- 1 deciliter = 3.3814 fluid ounces-1 deciliter = 6.1024 cubic inches
When it comes to the DAG, not knowing in which context it was used there is the only logical explanation that I have for these three letters in relation to food:
DAG is an abbreviation for diacylglycerol which a type of fat. The word means that this fat molecule is made of two fatty acid linked to a molecule of glycerol. It is contained in most vegetable oils an his linked to helping the reduction of fat tissues masses in the human body, inducing a weight loss.
Diacylglycerol (DAG) oil is a new fairly type of cooking oil that has been granted license to human consumption in the late 90s. It is used like normal vegetable oil but is healthier has it helps reducing body fat. It is sold under the brand name enova oil in Americas, Europe and Japan when it is used since a very long time. But I have to say I have never come across any in regular shops like Tesco, Asda, Sainsbury or other chain store or even health store.
Furthermore, diacylglycerols are common food additives used to stabilize certain ingredients, such as oil and water, which would not otherwise blend well.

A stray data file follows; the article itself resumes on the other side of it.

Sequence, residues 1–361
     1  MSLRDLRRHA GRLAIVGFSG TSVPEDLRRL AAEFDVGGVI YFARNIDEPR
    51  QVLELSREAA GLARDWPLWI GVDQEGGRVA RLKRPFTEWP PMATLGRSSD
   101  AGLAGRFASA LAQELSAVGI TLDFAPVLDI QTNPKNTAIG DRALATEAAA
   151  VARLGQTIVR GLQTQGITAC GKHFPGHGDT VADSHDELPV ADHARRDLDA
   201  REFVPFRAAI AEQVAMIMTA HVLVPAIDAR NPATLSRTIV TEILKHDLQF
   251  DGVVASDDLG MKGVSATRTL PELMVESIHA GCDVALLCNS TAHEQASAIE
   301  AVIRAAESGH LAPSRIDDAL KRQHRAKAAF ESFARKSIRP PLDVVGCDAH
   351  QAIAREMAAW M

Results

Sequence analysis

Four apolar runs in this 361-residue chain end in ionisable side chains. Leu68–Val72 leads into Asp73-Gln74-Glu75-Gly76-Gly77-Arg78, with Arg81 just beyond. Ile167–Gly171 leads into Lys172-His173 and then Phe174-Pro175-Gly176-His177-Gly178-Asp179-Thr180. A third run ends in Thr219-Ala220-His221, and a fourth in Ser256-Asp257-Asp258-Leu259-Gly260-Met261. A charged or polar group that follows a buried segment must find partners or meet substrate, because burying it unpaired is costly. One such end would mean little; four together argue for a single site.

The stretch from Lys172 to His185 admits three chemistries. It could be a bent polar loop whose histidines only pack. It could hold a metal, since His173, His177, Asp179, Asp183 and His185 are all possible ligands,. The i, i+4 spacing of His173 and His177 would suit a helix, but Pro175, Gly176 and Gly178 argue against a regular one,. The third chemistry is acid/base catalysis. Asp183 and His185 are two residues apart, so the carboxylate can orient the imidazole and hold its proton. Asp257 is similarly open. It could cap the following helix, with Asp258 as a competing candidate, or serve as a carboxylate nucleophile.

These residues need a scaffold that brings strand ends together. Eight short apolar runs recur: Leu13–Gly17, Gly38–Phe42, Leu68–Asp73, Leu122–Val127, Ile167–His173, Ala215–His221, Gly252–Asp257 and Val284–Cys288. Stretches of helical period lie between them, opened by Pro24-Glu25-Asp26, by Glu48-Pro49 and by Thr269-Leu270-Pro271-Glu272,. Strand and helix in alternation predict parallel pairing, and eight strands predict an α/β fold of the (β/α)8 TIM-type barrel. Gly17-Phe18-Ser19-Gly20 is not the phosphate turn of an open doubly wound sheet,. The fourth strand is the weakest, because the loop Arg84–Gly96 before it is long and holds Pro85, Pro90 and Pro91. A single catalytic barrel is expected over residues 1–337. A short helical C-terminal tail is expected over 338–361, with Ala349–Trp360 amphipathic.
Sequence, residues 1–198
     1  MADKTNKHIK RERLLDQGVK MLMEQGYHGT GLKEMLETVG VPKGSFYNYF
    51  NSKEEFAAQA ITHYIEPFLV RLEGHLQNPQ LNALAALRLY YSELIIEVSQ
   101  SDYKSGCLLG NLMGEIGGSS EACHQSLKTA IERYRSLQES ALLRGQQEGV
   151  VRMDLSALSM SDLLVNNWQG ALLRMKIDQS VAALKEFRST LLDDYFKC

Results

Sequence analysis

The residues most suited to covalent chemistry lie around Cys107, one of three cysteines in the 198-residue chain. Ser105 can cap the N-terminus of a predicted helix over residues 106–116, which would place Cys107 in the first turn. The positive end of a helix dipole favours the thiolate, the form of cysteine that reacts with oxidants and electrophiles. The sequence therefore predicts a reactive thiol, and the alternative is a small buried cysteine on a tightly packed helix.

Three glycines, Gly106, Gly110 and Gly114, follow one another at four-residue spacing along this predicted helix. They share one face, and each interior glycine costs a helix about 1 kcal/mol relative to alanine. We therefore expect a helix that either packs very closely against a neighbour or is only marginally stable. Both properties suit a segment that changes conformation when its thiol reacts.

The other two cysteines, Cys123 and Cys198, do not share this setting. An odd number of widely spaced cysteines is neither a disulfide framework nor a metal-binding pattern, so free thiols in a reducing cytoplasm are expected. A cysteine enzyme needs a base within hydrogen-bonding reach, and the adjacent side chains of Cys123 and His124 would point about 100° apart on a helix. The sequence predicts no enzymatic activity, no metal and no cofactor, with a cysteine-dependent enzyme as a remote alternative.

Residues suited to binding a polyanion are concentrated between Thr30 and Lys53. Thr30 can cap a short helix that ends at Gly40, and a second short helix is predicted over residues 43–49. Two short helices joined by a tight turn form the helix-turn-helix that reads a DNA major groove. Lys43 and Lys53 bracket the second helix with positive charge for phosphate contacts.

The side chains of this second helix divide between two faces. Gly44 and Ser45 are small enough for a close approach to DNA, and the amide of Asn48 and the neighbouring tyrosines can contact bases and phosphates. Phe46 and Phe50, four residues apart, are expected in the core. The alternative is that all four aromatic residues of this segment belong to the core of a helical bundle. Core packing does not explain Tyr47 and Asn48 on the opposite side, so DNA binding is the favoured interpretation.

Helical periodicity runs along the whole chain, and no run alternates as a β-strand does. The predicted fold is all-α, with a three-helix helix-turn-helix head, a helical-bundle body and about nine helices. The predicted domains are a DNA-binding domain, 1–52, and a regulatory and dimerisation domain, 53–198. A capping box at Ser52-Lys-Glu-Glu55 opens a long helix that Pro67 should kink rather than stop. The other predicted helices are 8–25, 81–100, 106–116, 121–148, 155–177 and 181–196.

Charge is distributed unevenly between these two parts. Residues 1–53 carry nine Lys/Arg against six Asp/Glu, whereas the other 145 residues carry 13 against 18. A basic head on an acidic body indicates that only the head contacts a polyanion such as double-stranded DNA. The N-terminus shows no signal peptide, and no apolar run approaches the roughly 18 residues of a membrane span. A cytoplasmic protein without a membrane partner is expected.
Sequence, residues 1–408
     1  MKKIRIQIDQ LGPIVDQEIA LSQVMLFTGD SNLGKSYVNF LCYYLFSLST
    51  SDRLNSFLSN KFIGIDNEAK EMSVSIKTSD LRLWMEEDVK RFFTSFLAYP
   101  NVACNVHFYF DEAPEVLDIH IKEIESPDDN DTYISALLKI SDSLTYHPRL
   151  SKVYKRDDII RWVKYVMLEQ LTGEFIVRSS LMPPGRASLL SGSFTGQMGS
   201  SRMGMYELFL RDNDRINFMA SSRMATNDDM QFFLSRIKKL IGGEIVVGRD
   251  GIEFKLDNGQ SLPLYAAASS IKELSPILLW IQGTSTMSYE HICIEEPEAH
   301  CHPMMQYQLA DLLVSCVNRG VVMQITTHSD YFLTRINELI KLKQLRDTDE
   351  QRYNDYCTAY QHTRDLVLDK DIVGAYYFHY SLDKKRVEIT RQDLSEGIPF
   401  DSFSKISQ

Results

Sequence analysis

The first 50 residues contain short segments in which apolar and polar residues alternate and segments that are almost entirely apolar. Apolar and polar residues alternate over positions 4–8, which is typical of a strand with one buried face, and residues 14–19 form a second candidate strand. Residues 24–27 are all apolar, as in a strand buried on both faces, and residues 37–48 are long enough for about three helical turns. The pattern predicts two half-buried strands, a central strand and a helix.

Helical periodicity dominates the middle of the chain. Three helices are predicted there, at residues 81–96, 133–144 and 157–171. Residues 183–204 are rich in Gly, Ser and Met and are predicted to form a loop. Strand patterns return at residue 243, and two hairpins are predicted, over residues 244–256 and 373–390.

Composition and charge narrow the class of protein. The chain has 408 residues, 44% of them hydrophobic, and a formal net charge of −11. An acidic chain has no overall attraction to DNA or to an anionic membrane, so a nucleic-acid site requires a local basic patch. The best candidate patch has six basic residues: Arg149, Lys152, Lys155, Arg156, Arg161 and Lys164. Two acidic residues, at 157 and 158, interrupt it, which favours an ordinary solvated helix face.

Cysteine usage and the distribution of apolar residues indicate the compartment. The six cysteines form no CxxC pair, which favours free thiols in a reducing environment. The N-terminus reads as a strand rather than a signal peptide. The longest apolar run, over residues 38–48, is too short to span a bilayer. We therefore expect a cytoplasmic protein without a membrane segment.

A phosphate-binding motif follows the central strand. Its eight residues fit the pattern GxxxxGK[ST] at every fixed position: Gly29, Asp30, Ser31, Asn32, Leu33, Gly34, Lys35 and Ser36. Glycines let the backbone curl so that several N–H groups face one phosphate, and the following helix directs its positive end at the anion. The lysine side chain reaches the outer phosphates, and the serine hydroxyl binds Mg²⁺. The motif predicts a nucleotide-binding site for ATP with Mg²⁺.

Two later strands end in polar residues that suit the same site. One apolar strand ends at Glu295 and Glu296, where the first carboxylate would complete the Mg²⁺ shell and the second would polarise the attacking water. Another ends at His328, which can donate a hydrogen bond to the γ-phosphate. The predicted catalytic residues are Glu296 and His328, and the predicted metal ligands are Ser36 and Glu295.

Just reading the question I assume the question of DAG is in regards of metric weight.
"DAG" or "dag" as well as "dkg" is the abbreviation for dekagram/decagram meaning 10g.
Deka originally from the Greek language meaning 10, wa "latinized" later to deca with the same meaning.
It was very common in Central Europe, especially in countries which were heavenly influenced by the Austo-Hungarian monarchy. Eventhough less commonly used now one can find them in older cookbooks, or books with grandma's handed down recipes.
Thanks, Chefz, for correcting my misunderstanding of Sava's question. I have been mislead by the way dag was written (DAG) as decagrams is shorten dag not DAG which refers to diacylglycerol. I have to say that I am quite surprised that decagrams are still used in cookbooks.
Well we learn every day.